Subsidiary of Venezuela’s State Oil Company Donates Initial US$3 Million to Harvey Relief Effort

Evacuees affected by Tropical Storm Harvey take shelter at the George R. Brown Convention Center in downtown Houston, Texas, U.S., August 31, 2017 | Photo: Reuters

The firm will also will provide a percentage of retail sales toward “rebuilding efforts in the most disadvantaged communities”. 

The Acting President and CEO of the CITGO Petroleum Corporation, a subsidiary of the Venezuelan state oil company, PDVSA, based in Houston, is donating an intial US$3 million dollars to the Mayor’s Hurricane Harvey Relief Fund.

In a letter to the city’s Mayor Sylvester Turner, Jose Pereira said the firm would also will provide a percentage of retail sales toward “rebuilding efforts in the most disadvantaged communities that were affected in our region.”

Details regarding the programme are still being finalized and will be made public soon.

Pereira explained how the disaster has directly affected the company, “Several of our own employees and their families have been displaced in this storm and even rescued from harm’s way, so we are personally involved and understand how our communities are suffering.”

Letter from CITGO to the Mayor of Houston

He said the areas impacted across Texas, from Corpus Christi to Houston and Lake Charles, Louisiana, include the homes of the company’s business operations as well as its staff.

On Wednesday, the Venezuelan Foreign Minister Jorge Arreaza announced that the nation will be donating US$5 million to help with recovery efforts in areas devastated by Harvey.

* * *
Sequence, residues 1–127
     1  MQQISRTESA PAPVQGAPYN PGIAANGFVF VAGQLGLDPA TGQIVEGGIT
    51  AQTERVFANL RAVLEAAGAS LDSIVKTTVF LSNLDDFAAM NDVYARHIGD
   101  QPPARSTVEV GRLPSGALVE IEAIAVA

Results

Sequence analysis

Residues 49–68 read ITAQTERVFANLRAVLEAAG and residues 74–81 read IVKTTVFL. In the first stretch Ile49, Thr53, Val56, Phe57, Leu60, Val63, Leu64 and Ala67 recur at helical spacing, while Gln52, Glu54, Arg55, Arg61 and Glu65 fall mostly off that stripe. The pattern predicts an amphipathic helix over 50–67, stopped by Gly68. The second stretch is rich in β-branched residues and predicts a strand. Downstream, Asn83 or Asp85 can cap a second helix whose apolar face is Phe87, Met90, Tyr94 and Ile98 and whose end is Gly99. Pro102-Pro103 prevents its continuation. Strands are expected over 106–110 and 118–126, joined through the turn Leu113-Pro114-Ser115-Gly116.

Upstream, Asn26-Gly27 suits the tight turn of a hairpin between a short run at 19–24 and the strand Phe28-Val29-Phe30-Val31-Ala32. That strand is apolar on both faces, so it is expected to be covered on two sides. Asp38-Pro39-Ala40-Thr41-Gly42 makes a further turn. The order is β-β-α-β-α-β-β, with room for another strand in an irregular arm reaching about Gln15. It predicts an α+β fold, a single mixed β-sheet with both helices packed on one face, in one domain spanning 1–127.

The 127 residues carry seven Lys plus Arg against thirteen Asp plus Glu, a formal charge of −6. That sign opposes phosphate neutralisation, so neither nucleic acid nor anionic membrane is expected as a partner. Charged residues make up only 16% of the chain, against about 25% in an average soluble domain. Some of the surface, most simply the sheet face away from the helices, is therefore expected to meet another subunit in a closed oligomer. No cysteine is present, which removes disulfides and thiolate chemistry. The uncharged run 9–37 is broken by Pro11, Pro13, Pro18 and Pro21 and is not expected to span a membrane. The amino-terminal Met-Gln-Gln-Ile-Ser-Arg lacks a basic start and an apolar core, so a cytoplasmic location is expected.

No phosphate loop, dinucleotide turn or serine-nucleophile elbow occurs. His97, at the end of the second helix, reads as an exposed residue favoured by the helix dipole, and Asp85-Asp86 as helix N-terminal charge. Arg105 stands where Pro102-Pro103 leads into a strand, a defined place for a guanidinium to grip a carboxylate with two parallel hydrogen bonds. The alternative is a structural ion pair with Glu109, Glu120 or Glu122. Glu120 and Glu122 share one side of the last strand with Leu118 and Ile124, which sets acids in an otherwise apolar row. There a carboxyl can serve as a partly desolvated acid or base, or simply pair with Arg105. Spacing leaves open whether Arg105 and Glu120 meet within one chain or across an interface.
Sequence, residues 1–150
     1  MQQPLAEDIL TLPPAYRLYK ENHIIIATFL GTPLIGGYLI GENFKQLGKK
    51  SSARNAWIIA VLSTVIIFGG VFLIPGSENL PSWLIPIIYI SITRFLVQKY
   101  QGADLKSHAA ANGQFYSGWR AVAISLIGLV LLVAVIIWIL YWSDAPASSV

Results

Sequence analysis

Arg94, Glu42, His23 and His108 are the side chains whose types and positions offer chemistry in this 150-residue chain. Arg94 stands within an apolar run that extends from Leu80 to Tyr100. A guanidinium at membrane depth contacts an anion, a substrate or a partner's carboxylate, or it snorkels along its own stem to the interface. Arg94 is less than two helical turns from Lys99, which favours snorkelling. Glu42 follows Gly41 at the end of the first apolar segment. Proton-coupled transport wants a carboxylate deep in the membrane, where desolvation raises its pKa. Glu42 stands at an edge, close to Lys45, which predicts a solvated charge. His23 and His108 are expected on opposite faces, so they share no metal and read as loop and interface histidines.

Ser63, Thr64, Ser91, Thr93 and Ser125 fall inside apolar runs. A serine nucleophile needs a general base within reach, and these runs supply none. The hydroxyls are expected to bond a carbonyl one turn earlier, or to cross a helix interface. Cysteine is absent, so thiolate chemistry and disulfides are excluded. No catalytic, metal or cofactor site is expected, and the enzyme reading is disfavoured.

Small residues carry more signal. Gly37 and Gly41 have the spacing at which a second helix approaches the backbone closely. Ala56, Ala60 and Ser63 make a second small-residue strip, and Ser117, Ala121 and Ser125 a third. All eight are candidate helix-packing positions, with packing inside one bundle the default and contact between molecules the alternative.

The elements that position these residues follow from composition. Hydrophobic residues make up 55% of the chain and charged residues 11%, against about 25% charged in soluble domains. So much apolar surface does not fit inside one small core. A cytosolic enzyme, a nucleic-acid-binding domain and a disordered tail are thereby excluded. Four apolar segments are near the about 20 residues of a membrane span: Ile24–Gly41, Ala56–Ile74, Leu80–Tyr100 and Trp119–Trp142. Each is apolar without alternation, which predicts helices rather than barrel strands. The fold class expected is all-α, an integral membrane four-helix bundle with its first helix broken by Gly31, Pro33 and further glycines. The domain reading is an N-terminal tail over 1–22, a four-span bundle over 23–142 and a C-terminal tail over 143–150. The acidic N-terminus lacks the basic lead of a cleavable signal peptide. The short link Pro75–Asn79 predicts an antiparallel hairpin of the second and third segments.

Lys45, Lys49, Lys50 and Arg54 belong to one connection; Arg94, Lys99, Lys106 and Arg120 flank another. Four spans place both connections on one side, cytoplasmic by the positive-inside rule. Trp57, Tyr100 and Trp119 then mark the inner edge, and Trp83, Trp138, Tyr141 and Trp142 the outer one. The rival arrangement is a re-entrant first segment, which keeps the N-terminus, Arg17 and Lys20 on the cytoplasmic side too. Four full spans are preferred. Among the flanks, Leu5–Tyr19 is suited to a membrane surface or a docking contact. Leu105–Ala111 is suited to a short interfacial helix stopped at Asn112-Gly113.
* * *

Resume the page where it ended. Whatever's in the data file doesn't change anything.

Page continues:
Arreaza said “Let’s not allow war or threats to be imposed, but instead let’s impose solidarity. We will always be with the people of the United States and the peoples of the world in difficult times.”

He said rescue workers, doctors, and other specialized personnel would also be sent to help with the situation on the ground.

Venezuela’s President Nicolas Maduro approved the special program to help the victims in the states of Louisiana and Texas.

Meanwhile, the first funerals of the victims who died in the torrential flooding caused by the storm, have been taking place.

At least 47 people are known to have been killed. Dozens more are still missing.

The first memorial service was held for Benito Juarez Cavazos.

The body of the 42-year-old auto-body shop worker, who came to the U.S. from Mexico 28 years ago, was found on Tuesday in a parking lot near a Houston freeway after floodwaters receded.

Cavazos had recently received a work permit, and was scheduled for an appointment the next day to help him get permanent residency, his cousins said at the service.

“It’s very unfortunate that right when he finally had hopes of being able to maybe go to Mexico soon to go see his family it all went downhill,” his cousin, Maria Cavazos, said.

Hundreds of thousands of houses and buildings have been badly damaged.

About 200 people waved signs and shouted as they rallied outside a still-flooded subdivision in the west Houston suburb of Katy, demanding answers about when they will be able to return home.

Mayor Sylvester Turner has warned residents that their homes could remain flooded for up to 15 days because of ongoing releases of water from two reservoirs protecting downtown.

Homeowner Sheetal Parwal said her family now has less than what they had when they emigrated from India 10 years ago, and that their home is now a swamp.

U.S. President Donald Trump arrived in Houston for his second visit. He and first lady Melania Trump met with Harvey evacuees taking shelter at the NRG Center in Houston.

They spent time in an area designated for children and helped to serve food.

Trump has asked lawmakers for a US$7.9 billion down payment toward relief and recovery efforts — a request expected to be swiftly approved by Congress, which returns to work Tuesday after its summer break.

See video here.

CITGO-AP-Reuters-New York Post

by teleSUR

teleSUR, September 2, 2017

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